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Fort Vancouver National Historic Site


Fort Vancouver is where it all began for the Pacific Northwest. Built in 1825 as the headquarters for the British-owned Hudson's Bay Company's fur-trading operation on the Pacific Coast, it became the economic, social, and cultural hub of the Oregon Country. Narcissa Whitman, who stayed in the fort along with her missionary husband in 1836, described Fort Vancouver as "the New York of the Pacific." The fort was named for the famous British sea explorer Captain George Vancouver, whose discovery of the Columbia River led to the establishment of the outpost. At its height in 1844-46, the fort included 22 buildings surrounded by a stockade of upright logs.

Fort Vancouver National Historic Site
©Library of Congress
Tour the historic buildings of Fort Vancouver National Historic Site.

A U.S. Army camp was established nearby in 1849, and soldiers relaxing between the Indian Wars played polo at the fort. The Treaty of 1846 between the United States and Great Britain left Fort Vancouver on American soil, and 14 years later, the Hudson's Bay Company moved out. The present Fort Vancouver is a reproduction of the original wooden fort, which burned to the ground in 1866. One hundred years later, after painstaking archaeological excavations revealed the site of the fort, the Park Service began to rebuild Fort Vancouver, which joined the National Park System in 1948.

Now a spiked wooden stockade surrounds six acres of buildings, including the blacksmith's shop, where iron and steel items needed for the fur trade industry were made; the bakery, where four men baked bread and biscuits for up to 300 people; and the Indian trade shop and dispensary, which housed the fur-trading operations, as well as the hospital and doctor's office and residence. The house of Dr. John McLoughlin, the administrator of the fort who later became known as the "Father of Oregon," is a roomy and elegant house with white-clapboard siding and a large front veranda. Costumed interpreters bring the fort to life, occasionally firing up the ovens and baking sea biscuits (rations for soldiers) or forming iron tools at the blacksmith's shop.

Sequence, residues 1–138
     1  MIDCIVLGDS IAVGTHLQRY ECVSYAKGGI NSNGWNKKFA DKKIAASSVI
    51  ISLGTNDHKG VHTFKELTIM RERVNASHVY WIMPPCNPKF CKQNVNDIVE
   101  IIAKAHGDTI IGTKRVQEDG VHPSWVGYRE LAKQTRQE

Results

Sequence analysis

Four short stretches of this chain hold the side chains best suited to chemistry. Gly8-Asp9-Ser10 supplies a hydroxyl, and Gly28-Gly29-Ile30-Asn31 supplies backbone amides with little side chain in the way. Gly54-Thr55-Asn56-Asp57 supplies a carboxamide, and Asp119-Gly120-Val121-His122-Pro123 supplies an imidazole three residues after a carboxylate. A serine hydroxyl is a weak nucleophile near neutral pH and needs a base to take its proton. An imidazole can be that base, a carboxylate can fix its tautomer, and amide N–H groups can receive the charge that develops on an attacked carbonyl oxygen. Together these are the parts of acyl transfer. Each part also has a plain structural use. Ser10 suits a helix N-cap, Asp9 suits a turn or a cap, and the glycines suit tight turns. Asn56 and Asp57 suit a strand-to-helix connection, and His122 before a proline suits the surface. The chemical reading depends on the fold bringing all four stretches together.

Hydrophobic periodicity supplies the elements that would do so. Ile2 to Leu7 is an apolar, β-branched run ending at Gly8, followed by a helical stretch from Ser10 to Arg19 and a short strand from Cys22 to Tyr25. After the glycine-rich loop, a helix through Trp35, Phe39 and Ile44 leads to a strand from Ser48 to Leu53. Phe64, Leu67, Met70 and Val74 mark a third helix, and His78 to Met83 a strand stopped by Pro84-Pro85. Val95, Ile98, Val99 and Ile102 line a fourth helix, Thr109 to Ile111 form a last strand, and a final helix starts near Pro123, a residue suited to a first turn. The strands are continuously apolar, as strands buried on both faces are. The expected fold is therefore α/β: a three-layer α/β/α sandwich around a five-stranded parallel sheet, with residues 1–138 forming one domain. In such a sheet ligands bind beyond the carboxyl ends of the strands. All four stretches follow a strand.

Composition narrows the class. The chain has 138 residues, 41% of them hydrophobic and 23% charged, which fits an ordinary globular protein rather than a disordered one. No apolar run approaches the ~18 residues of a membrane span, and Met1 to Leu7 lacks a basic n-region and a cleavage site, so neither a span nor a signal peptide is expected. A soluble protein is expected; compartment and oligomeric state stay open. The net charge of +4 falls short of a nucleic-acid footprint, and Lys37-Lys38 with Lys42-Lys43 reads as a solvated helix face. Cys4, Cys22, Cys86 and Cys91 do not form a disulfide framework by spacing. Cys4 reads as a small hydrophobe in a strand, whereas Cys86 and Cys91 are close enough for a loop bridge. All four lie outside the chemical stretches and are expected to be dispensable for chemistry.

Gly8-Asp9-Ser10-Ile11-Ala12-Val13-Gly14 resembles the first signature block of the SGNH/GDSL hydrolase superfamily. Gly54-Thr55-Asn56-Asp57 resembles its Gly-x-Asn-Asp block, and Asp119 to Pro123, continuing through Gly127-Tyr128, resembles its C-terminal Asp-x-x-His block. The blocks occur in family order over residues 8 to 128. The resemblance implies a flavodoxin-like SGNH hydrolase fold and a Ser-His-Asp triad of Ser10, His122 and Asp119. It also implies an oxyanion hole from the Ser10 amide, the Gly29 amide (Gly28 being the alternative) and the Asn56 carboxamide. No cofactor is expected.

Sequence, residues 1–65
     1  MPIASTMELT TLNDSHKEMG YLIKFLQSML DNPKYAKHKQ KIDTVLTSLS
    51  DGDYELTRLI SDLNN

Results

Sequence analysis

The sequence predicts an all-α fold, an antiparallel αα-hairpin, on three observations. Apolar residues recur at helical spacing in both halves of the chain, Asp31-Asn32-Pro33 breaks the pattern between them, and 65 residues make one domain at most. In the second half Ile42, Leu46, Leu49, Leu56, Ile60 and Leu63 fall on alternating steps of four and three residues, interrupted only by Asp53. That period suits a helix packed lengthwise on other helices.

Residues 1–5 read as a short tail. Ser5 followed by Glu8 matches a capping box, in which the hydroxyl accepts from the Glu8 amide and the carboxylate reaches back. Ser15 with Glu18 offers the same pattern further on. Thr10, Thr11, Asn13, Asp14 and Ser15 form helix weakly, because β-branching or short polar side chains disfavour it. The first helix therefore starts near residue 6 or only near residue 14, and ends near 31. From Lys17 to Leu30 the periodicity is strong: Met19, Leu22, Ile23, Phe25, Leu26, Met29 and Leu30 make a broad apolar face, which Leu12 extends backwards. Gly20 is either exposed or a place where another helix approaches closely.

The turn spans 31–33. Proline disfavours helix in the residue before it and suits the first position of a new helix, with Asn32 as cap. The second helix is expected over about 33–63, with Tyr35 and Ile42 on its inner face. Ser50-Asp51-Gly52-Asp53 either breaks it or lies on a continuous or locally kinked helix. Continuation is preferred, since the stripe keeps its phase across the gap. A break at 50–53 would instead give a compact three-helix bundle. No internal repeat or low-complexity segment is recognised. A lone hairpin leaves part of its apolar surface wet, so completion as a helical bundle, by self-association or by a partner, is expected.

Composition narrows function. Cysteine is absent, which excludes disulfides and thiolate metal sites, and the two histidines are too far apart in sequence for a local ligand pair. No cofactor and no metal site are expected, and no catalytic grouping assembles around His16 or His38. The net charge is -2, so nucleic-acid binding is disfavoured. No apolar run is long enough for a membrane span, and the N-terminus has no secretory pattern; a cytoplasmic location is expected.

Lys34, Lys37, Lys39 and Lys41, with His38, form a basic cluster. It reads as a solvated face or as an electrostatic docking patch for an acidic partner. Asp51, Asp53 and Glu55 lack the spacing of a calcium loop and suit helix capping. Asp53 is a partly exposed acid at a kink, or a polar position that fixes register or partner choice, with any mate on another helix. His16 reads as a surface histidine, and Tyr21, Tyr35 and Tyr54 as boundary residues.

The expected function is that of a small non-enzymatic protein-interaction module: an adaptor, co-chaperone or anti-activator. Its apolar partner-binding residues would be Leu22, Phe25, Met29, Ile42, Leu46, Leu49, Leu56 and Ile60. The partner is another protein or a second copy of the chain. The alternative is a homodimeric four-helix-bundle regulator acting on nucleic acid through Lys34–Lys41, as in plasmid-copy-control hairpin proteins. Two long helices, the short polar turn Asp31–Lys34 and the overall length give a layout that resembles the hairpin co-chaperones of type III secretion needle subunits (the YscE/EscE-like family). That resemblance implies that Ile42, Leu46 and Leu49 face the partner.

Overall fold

The visitor center has exhibits, a small store, and a film depicting the fort's early history. Near the fort is Officer's Row, a tree-lined street of 21 beautiful homes built between 1849 and 1906 for the officers of the fort. Two of the most impressive homes, the Marshall House and the Grant House, are open to the public. In 1996, the 366-acre Vancouver National Historic Reserve was established adjacent to the site. And in 2003, the McLoughlin House National Historic Site was added as part of the Fort Vancouver National Historic Site.

Fort Vancouver National Historic Site Information

Address: 612 East Reserve Street Vancouver, WA
Telephone: 360/816-6230
Hours of Operation:

  • 9 a.m. to 4 p.m. (winter)
  • 9 a.m. to 5 p.m. (summer)

Admission: $3 per individual; $5 per family

Learn more about these other national historic sites:

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To learn more about national monuments, memorials, and historic sites, and other travel destinations in North America, visit:

ABOUT THE AUTHOR:

Eric Peterson is a Denver-based author who has contributed to numerous guidebooks about the Western United States.